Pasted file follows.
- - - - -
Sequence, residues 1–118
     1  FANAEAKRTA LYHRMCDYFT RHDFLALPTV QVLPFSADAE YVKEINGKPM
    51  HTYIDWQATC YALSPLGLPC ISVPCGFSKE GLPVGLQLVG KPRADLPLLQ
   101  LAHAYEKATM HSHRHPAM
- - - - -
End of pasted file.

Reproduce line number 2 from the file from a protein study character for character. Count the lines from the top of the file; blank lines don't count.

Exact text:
     1  FANAEAKRTA LYHRMCDYFT RHDFLALPTV QVLPFSADAE YVKEINGKPM